However, when governments borrow from international markets to fund domestic projects they ironically expose themselves to the reality of being a “commercial borrower” – where government must repay its debt on time or face significant consequences.
We know from limited experience that when your economy is strong your exchange rate is strong. This occurred during the OT stage one construction and the peak of the commodities boom when coal and iron ore prices were very high.
But now we, Mongolians also know from much longer experience that when your economy is weak, your exchange rate diminishes and interest rates climb to high levels. And critically the cost of repaying your international debt increases significantly in local currency terms. When government revenues have fallen and government costs are not reduced at the same rate, then a bad problem is made worse.
All of these factors are in play in Mongolia – and the only realistic option is to accept the IMF remedy. While it is bitter to swallow, it is better to face reality sooner rather than later. Without the remedy a declining future and financial disaster comes much closer. A mega-commodities boom is not around the corner – and is not our savior.
Let us be clear again – the current level of Mongolian government debt is not sustainable and Mongolia has significant international debts due for payment soon. Refinancing, on good terms, when you have already high debt levels and a weak economy is extremely difficult.
The current success of Khuraldai bonds was only possible because investors thought that the country is serious in its intent to rebuild its own troubled finances with the help of IMF.
The INS supports the IMF bail-out package and the co-commitment measures being put into place by the government. INS realises there will be hardships, but INS also wants a better future for Mongolia, and the bailout package is a first step towards this future.
However, INS states the long-term solution is not the bail-out package per se. We need our government to put in place “economic stimulation policies and programs” that ultimately provide better government services, higher incomes and more jobs for all Mongolians. Restructuring the fiscal system to make it sustainable is a precursor to recovery.
Support ourselves through a strong economy
Restructuring and repaying old debts is not enough. Cutting government expenditures and raising more tax is not enough. It is critical that Mongolia’s government deliver a strong engine room – that is a “strong and growing economy” to provide the things that other country’s citizens take for granted. Government needs to deliver the economic growth, solve escalating health issues and take real steps to actually improve the business climate.
We are all sick from pollution and anti-sanitary conditions. We need our government to deliver healthy cities and towns for our citizens, young and old, to live in. Health wise, and politically, this is not negotiable. The IMF bail-out package is not going to deliver clean cities..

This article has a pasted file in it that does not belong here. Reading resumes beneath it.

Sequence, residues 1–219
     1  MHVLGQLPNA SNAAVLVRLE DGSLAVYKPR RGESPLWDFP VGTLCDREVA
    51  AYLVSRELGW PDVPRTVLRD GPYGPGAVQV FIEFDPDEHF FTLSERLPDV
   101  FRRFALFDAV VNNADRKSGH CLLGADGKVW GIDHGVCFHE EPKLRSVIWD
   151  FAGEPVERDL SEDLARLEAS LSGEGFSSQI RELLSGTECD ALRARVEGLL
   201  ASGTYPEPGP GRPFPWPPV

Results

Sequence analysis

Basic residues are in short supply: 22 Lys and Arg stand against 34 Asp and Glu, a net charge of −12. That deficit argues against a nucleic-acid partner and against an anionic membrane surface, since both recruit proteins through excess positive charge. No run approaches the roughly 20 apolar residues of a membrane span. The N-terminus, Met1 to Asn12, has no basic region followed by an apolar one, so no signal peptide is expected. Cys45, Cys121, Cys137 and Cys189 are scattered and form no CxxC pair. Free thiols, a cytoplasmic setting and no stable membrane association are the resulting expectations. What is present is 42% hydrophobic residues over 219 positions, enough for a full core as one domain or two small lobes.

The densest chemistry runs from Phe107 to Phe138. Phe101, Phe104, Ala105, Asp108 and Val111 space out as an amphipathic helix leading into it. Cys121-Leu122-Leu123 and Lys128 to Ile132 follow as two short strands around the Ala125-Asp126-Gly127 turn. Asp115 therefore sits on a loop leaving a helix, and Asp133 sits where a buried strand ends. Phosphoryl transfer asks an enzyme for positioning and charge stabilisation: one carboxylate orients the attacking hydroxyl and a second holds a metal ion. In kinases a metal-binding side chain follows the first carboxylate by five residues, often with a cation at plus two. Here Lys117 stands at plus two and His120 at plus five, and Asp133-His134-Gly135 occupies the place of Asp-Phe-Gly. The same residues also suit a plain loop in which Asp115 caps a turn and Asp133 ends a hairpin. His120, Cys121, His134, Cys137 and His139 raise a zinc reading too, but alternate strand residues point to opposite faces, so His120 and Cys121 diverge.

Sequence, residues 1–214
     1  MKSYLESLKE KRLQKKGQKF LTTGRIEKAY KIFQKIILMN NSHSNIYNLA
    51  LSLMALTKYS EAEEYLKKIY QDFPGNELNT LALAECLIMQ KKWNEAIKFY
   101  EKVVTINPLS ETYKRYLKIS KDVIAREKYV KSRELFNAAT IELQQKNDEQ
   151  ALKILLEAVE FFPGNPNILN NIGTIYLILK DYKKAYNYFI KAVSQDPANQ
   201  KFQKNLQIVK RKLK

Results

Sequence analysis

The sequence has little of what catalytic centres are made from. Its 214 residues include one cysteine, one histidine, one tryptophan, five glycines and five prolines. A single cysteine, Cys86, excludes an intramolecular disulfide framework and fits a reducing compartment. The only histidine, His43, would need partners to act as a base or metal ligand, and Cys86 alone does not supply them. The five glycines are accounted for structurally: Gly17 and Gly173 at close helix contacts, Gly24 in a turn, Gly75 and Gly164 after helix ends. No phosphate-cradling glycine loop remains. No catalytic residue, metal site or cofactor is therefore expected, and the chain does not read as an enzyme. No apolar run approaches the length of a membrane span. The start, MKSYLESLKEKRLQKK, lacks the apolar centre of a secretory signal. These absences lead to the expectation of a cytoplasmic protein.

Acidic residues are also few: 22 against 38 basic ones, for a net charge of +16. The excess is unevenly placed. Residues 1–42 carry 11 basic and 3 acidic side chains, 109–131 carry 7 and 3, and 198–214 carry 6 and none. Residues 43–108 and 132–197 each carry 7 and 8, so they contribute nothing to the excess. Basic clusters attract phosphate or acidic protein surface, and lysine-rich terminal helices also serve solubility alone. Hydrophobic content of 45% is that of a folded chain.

We also need to remember that for every significant social problem (like pollution) not fixed – there is an ongoing and growing public cost. To government it is growing health budgets, for the business community it is lower productivity and absences, and for Mongolians specifically it is chronic illness and reduced life expectancy.
We absolutely need strong businesses, both domestic and international, that make profits, pay Mongolian taxes and provide well paid jobs. The current government has stated that the state should not play a role in business going forward. However, the jury is out here – where we see SOE’s reverting back to large panels of ministry representatives on their boards.
Both sides of parliament recognise the failure of our state-owned and state-run enterprises. They clearly do not deliver efficient business organisations or outcomes. They borrow from government, make very small profits and pay little tax. They also have higher levels of employment than would be the case in privately run companies.
Our government must solve (for themselves) the riddle of how to attract the next wave of foreign investment and international finance. Last three years have witnessed falling amount of investment of all kinds, from 6.57 trillion MNT in 2013 to 4.754 trillion in 2015 (NSO), which includes all kinds of investment. It is not just foreign investment that’s falling – public and private Mongolian domestic investment is also falling.
The Mongolian banks – standing alone – do not have the capacity to service the needs of local businesses.  Attracting investors (and finance) to Mongolia is critical for Mongolia’s economy. Lowering the cost of borrowing capital for businesses – to be profitable –  is critical. Both are essential if we are going to invest in new and efficient power and heating stations and smarter living technologies, to solve Ulaanbaatar’s pollution problem. Again, here the long term commitment to restructure and improve public finance is crucial.
The government urgently needs to accelerate the next stage of economic recovery. We need to harness the business sector and excite international financiers, promoters and investors about the prospects and returns from establishing business in Mongolia. This cannot be done on a basis of IMF bailout alone. Real and credible actions are needed to kick start the key projects.
Mongolia’s natural endowments are minerals and agriculture. Mongolians have a rich culture and the world shares a curiosity in Mongolia’s history. Mongolians in general are not isolationists. However, Mongolia does not have a large population so we must be smart in how we build external markets to attract and underpin new business ventures. We need to be even smarter in how we attract and retain our future business partners and those who will fund future grand enterprises.
Initiating large-projects (whether in mining, energy, infrastructure or agriculture) is the quickest way to stimulate economic growth, but this does not always have a broad impact on incomes or employment. Mongolian officials have unfortunately struggled in building good relationships with in-country investors and building confidence with offshore investors. The Prime Minister has stated that addressing this is a key focus for this government.